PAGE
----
Sunday Sermons

Sunday Sermons



The Problem of Suffering



For many people, the existence of suffering and evil in the world constitutes a great insurmountable hurdle that prevents them from believing in God or in a God that is good. The wrong view towards the existence of suffering in this world has caused many errors. The atheist says, "There is no God, because an all-powerful and good God wouldn’t allow such to happen". It is ironic that when the atheist makes an assertion, he speaks as an all-knowing God would speak. The pantheist argues that suffering and evil are just illusions. The polytheist argues that God isn’t all-powerful, and that suffering is often the result of a clash between opposing deities. This problem of human suffering is by no means new. Every generation has asked the same questions, "God why did you allow this to happen to my child, my wife…" The Gnostics argued that all matter was evil and God was good, therefore God couldn’t have anything to do with the material world. Of course this completely undermined the incarnation (1 John 4:1-3). The friends of Job were under the misconception that bad things only happen to bad people (Job 8:2-6; 4:7-8). The writer of the 73rd Psalm was initially perplexed because it seemed that bad things happen to good people while the evil doer lives in security and is untouched by adversity (73:3-5, 12-14).

1 Peter 4:12 "Beloved, do not be surprised at the fiery ordeal among you, which comes upon you for your testing, as though some strange thing were happening to you"-"as though this were some abnormal experience" (Phi).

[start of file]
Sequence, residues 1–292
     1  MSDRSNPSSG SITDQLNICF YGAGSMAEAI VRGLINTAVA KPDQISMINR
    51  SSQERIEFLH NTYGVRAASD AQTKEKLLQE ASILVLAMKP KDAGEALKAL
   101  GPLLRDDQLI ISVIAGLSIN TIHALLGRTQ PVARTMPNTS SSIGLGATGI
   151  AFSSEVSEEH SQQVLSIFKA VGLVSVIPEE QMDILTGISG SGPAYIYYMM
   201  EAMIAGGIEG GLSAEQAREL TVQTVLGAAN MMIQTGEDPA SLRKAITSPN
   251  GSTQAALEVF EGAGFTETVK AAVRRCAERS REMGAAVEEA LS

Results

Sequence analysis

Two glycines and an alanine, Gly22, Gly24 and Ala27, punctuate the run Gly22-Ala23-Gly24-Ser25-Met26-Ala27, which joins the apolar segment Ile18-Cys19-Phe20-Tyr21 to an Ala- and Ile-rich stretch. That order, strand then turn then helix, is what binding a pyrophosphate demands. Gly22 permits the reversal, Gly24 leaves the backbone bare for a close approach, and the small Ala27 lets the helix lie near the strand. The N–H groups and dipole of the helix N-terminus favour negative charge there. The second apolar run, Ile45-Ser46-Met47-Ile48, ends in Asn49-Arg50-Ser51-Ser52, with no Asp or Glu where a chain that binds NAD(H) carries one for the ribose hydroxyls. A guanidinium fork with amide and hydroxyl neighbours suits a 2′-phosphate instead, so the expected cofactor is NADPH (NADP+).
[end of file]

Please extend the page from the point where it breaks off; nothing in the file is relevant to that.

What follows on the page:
The above verse reveals that if we view suffering as inconsistent with the idea that God is good, then somewhere along the line we have bought into some wrong assumptions. In this lesson I hope I can give you something in which you can better handle adversity that comes your way and the questions of those who are suffering.

Did God Create Evil?

Some would argue that since God created all things (John 1:3), and that evil exists, therefore God is responsible for all the evil in the world. There is a big difference between what God created and then what man makes of those created things. Many "good things", when abused or misused by man, become harmful, like when drugs that can heal or alleviate pain, are used for mere recreational purposes. In fact, every work of the flesh, is simply a perversion of something that in itself is good (Galatians 5:19-21). Barclay notes, "Immorality, impurity, licentiousness are perversions of the sexual instinct which is in itself a lovely thing and part of love. Idolatry is a perversion of worship...Sorcery is a perversion of the use of healing drugs in medicine. Envy, jealousy and strife are perversions of that noble ambition and desire to do well which can be a spur to greatness. Enmity and anger are a perversion of that righteous indignation...Dissension and the party spirit are a perversion of the devotion to principle which can produce the martyr…The awfulness of the power of sin lies precisely in its ability to make the raw material of potential goodness and turn it into the material of evil" (Flesh and Spirit, p. 39). When the Bible talks about God "creating evil", it is using the word "evil" in the sense of calamity, that is, God does bring judgments upon the unrepentant, "creating calamity" (Isaiah 45:7;Jeremiah 18:11). The Bible makes it clear that God doesn’t entice anyone to sin, "He Himself does not tempt anyone" (James 1:13), and that everything that God initially created was good, "And God saw all that He had made, and behold, it was very good" (Genesis 1:31).


The Consequences of Free Will